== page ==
In sharp contrast to the United States, EU regulators have made greater progress on the data front, in particular in the use of Legal Entity Identifiers (LEI), a 20-digit, alpha-numeric code that clearly and uniquely identifies parties to financial transactions -- specifically, the legal entities within companies participating in global financial markets.

The authors note that while the adoption of LEIs in derivatives has been encouraging, progress in other markets has been slow and incomplete. The EU, on the other hand, has driven LEI usage across many markets.

“In Europe, the situation is the opposite: Despite the fragmentation resulting from 28 sovereigns in the EU, (European Securities and Markets Authority) and other pan-European regulators have required the use of the LEI in all but a handful of reporting requirements,” says the study.

“That Europe has moved more quickly than the United States to impose a broadly applicable requirement that parties use the LEI highlights the challenge of entrenched interests and the way newcomers can leapfrog over incumbents,” the researchers added.


Another problem in the U.S. has been costs. While better information benefits both regulators and market participants, the path to get there is expensive and requires everyone to share in the burden. However, as a public good, improved data standards suffer from the classic “free-rider” problem, where many benefit while few bear the costs.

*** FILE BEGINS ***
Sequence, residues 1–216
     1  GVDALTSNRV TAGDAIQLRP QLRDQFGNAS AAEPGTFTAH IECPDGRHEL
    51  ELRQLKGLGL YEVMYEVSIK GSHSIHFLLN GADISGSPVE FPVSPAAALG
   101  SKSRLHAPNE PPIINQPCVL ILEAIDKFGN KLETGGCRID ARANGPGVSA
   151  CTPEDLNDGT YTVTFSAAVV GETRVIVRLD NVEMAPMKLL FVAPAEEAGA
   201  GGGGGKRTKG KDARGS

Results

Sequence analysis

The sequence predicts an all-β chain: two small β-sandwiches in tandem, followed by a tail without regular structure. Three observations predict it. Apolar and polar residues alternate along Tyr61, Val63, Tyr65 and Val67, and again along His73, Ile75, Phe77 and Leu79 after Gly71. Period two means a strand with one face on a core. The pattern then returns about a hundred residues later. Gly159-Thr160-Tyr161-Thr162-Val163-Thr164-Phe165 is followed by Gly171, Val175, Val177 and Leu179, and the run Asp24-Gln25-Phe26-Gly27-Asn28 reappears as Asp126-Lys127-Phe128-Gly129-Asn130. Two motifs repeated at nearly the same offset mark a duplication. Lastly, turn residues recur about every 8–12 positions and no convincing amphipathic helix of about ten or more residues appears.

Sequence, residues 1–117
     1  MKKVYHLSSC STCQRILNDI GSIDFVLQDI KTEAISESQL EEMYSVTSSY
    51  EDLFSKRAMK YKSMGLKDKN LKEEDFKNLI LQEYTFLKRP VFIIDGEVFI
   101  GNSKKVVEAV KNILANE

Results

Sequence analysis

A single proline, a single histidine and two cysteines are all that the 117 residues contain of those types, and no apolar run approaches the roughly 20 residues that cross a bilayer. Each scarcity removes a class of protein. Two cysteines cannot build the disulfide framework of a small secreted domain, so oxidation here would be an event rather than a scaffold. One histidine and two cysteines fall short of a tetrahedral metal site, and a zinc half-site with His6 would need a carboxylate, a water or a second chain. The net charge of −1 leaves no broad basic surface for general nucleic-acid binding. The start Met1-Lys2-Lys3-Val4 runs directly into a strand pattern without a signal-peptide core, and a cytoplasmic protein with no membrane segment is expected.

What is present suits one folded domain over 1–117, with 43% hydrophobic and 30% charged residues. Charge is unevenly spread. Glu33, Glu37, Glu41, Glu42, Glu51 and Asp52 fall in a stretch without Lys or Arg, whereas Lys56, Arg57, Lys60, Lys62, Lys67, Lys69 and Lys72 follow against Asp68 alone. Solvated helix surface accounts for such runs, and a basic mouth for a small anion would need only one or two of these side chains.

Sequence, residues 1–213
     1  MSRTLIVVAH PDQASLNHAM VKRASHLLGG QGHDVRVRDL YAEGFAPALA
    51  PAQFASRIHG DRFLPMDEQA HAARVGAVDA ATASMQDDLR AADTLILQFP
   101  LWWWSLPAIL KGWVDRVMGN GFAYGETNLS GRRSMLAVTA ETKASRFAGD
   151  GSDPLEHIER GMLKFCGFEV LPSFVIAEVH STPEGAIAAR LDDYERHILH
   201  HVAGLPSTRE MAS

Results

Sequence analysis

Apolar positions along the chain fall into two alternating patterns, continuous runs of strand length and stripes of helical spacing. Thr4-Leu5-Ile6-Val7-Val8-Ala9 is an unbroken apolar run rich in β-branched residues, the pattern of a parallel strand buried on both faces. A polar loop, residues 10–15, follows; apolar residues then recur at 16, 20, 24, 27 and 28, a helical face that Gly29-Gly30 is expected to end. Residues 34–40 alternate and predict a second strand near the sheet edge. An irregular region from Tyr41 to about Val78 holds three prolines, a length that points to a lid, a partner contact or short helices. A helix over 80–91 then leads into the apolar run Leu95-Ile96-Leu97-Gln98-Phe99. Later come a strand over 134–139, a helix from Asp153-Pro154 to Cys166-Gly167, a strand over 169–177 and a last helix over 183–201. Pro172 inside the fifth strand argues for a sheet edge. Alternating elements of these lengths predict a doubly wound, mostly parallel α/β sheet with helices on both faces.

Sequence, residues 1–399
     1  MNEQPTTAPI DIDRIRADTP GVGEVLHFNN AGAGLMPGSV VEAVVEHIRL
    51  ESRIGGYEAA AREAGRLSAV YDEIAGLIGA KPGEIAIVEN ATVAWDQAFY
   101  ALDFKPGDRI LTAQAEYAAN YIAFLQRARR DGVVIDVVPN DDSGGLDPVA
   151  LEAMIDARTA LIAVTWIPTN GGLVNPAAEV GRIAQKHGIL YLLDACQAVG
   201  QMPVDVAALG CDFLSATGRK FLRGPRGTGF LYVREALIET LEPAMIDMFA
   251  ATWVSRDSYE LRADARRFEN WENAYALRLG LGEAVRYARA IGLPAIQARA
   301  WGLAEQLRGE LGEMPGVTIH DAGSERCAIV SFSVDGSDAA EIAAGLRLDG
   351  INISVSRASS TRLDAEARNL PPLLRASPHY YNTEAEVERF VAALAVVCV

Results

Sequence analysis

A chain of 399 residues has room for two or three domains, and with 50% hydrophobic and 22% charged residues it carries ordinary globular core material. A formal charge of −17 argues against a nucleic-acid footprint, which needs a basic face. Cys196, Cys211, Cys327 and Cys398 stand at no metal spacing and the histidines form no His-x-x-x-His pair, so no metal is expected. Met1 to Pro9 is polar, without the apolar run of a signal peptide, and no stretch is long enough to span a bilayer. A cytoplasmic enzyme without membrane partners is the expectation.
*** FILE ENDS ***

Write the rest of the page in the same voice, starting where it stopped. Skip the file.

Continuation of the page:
In addition, with so many stakeholders – government agencies, regulatory bodies, banks, brokers, etc. – it is hard to get everyone to move in harmony. The coordination problem is huge, say Berner and Judge.

“Effectively implementing data standardization requires groups who think about issues in slightly different ways--business leaders, risk managers, legal officers, data scientists, and financial economists--to understand how others see the world. They must find vocabulary and figure out collectively how to devise standards that can serve related but not identical aims,” says the study.

The authors argue that more urgent work is needed to fill the various gaps in understanding financial markets, particularly given the speed of innovation.

“As the pace of finance continues to reach ever more dizzying speeds, the value of high-quality information and the threats posed by information gaps continue to grow,” say Berner and Judge. “Given the myriad frictions that stand in the way of optimal policy, leadership, creativity, and a willingness to look to the future, and work across firm, industry, and national bounds is critical to success.”

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(Henry Engler is a North American Regulatory Intelligence Editor for Thomson Reuters Regulatory Intelligence. Email Henry at

This article was produced by Thomson Reuters Regulatory Intelligence - - and initially posted on Feb. 15. Regulatory Intelligence provides a single source for regulatory news, analysis, rules and developments, with global coverage of more than 400 regulators and exchanges. Follow Regulatory Intelligence compliance news on Twitter: @thomsonreuters